September 15 2011

TERRA 701: Connecting the Gems

Wildlife biologist Gregg Treinish and filmmaker Deia Schlosberg hike 520 miles along one of the most important wildlife corridors in North America. The two adventurers seek to gain a better understanding of the health of the region from an animal's eye point-of-view by assessing habitat and by monitoring corridor usage, as well as barriers to movement and human-related development along the journey.
TERRA 701: Connecting the Gems

Wildlife biologist Gregg Treinish and filmmaker Deia Schlosberg hike 520 miles along one of the most important wildlife corridors in North America. The two adventurers seek to gain a better understanding of the health of the region from an animal's eye point-of-view by assessing habitat and by monitoring corridor usage, as well as barriers to movement and human-related development along the journey.

March 29 2011

TERRA 605: Crossroads

An icon of the West, the sage-grouse has been reduced from tens of millions to about 200,000, a casualty of our progress. ; With federal Endangered Species protection officially warranted but unsupported, the fate of this bird in the face of new energy development is unknown.
TERRA 605: Crossroads

An icon of the West, the sage-grouse has been reduced from tens of millions to about 200,000, a casualty of our progress. ; With federal Endangered Species protection officially warranted but unsupported, the fate of this bird in the face of new energy development is unknown.

June 10 2010

TERRA 535: ***Emmy Special*** Montana FARE

TERRA is pleased to bring you this special screening of Montana FARE. Most of our audience doesn't know that TERRA is also a popular science and nature TV series on MontanaPBS and this series was recently awarded a College Emmy for the broadcast of Jaime Jelenchick's Montana FARE and the corresponding interview produced by Danny Schmidt and Andy Adkins.

We are proud of the crew that made this possible and thankful to MontanaPBS and the Science and Natural History Filmmaking Program at Montana State University that encourages and supports such amazing (and award winning!) student work.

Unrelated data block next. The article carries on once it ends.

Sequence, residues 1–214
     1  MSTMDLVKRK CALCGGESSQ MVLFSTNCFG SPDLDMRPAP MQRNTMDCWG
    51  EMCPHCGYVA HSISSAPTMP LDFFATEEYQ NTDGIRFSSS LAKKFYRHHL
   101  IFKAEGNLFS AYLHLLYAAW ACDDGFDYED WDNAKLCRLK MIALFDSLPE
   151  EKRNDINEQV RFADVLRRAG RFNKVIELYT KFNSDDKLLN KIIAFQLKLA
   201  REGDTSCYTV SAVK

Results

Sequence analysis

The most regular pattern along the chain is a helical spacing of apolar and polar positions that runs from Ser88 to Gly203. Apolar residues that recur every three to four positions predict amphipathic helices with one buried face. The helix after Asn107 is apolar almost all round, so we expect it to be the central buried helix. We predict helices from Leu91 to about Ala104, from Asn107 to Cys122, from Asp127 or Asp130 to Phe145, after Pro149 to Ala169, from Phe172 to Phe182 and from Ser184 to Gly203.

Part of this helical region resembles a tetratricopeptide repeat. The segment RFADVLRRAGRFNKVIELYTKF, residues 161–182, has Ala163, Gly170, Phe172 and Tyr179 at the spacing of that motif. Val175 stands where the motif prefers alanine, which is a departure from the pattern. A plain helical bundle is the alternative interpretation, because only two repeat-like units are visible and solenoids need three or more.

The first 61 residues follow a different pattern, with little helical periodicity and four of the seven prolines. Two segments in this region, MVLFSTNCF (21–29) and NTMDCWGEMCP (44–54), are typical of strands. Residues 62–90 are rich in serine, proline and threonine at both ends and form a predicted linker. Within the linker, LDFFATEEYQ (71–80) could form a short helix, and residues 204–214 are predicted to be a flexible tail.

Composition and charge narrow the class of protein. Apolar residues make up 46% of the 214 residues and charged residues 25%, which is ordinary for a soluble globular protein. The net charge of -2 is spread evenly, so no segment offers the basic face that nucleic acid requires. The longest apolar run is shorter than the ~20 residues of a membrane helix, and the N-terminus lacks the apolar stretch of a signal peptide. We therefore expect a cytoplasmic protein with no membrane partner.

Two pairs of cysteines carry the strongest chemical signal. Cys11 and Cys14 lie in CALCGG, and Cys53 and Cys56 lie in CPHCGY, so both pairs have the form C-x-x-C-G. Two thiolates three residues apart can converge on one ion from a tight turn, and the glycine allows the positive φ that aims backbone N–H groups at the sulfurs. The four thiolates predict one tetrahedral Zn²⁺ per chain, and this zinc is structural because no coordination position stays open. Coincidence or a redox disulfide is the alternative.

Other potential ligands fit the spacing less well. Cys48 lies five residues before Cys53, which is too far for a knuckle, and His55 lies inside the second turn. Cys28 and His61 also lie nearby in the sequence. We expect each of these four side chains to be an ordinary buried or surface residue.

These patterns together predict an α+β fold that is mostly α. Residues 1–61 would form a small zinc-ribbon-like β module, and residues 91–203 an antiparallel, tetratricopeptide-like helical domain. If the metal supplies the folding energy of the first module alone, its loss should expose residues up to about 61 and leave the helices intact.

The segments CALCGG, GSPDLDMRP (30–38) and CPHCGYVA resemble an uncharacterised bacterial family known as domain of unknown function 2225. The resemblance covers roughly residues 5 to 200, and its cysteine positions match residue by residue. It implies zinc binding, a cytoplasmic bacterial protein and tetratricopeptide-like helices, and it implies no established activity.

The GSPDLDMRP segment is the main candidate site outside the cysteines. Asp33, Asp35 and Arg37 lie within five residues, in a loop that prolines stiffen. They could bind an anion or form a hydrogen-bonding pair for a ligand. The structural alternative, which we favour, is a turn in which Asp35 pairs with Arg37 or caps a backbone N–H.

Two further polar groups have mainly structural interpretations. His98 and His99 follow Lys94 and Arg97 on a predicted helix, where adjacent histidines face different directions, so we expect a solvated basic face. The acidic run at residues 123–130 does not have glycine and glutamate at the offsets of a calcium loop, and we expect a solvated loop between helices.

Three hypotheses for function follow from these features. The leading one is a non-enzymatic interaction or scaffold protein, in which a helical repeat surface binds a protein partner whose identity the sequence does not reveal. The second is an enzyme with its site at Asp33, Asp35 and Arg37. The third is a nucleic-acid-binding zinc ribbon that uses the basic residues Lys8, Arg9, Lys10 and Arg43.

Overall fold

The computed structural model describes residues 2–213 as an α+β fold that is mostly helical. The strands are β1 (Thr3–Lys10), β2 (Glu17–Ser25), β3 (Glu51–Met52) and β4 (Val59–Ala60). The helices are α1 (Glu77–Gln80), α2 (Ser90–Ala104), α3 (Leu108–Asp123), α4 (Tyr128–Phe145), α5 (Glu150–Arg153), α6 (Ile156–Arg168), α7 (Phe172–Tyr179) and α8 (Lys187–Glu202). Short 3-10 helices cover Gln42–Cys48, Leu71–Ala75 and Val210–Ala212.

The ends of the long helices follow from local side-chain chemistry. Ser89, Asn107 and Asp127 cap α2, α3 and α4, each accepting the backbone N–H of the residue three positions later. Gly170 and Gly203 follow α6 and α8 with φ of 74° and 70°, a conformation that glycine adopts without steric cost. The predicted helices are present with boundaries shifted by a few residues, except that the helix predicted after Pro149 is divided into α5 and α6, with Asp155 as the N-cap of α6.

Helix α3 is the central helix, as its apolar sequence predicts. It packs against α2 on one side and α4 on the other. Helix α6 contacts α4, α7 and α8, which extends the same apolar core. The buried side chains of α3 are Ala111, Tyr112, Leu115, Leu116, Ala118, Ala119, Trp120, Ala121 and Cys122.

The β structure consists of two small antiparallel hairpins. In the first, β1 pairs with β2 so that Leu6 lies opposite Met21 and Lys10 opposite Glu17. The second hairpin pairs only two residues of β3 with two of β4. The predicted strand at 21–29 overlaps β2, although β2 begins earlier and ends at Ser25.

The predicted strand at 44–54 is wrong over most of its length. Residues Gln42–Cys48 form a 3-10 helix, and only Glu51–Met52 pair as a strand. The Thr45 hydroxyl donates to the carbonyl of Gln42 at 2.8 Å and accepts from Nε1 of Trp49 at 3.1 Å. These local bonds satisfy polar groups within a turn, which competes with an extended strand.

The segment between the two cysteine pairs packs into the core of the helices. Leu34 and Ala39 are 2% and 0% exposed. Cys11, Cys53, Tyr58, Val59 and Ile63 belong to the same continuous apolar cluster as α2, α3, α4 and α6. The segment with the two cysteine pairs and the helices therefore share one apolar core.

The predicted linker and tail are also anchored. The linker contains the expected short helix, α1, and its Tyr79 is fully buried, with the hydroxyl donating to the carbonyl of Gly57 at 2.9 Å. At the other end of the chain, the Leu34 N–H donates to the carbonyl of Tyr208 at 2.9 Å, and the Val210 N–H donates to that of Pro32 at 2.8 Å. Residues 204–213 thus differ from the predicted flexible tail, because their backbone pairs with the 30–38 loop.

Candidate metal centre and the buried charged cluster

TERRA 535: ***Emmy Special*** Montana FARE

TERRA is pleased to bring you this special screening of Montana FARE. Most of our audience doesn't know that TERRA is also a popular science and nature TV series on MontanaPBS and this series was recently awarded a College Emmy for the broadcast of Jaime Jelenchick's Montana FARE and the corresponding interview produced by Danny Schmidt and Andy Adkins.

We are proud of the crew that made this possible and thankful to MontanaPBS and the Science and Natural History Filmmaking Program at Montana State University that encourages and supports such amazing (and award winning!) student work.

August 26 2009

TERRA 523: Disturbance PART TWO

As a hybrid of natural history documentary, art film, and political commentary, this film explores the complexity of fire management and fire ecology of the Northern Rockies. Shot completely in Montana, this experimental documentary showcases extraordinary footage of black-backed woodpeckers, boreal toads, and other fire-dependent species, as well as behind-the-scenes footage of fire command camps

August 10 2009

TERRA 522: Disturbance PART ONE

As a hybrid of natural history documentary, art film, and political commentary, this film explores the complexity of fire management and fire ecology of the Northern Rockies. Shot completely in Montana, this experimental documentary showcases extraordinary footage of black-backed woodpeckers, boreal toads, and other fire-dependent species, as well as behind-the-scenes footage of fire command camps

April 15 2009

TERRA 511: Montana Fare

How do Americans decide what food to eat? What is more important: quantity or quality, taste or price? MONTANA FARE examines contemporary food culture in rural Montana through the eyes of two women (farmer/rancher Jenny Sabo (Harrison, MT) and Native American tribal elder Minerva Allen (Lodge Pole, MT on the Ft. Belknap Res)) who try to feed their families while living 50 miles from the nearest grocery store.

August 21 2008

TERRA 442: Gimme Green PART THREE

Lawns are undeniably an American symbol. But what do they really symbolize? Pride and prosperity? Or waste and conformity? Gimme Green is a humorous look at the American obsession with the residential lawn and the effects it has on our environment, our wallets and our outlook on life. From the limitless subdivisions of Florida to sod farms in the arid southwest, Gimme Green peers behind the curtain of the $40-billion industry that fuels our nation's largest irrigated crop: the lawn.

August 13 2008

TERRA 441: Gimme Green PART TWO

Lawns are undeniably an American symbol. But what do they really symbolize? Pride and prosperity? Or waste and conformity? Gimme Green is a humorous look at the American obsession with the residential lawn and the effects it has on our environment, our wallets and our outlook on life. From the limitless subdivisions of Florida to sod farms in the arid southwest, Gimme Green peers behind the curtain of the $40-billion industry that fuels our nation's largest irrigated crop: the lawn.

August 07 2008

TERRA 440: Gimme Green PREVIEW

Lawns are undeniably an American symbol. But what do they really symbolize? Pride and prosperity? Or waste and conformity? Gimme Green is a humorous look at the American obsession with the residential lawn and the effects it has on our environment, our wallets and our outlook on life. From the limitless subdivisions of Florida to sod farms in the arid southwest, Gimme Green peers behind the curtain of the $40-billion industry that fuels our nation's largest irrigated crop—the lawn.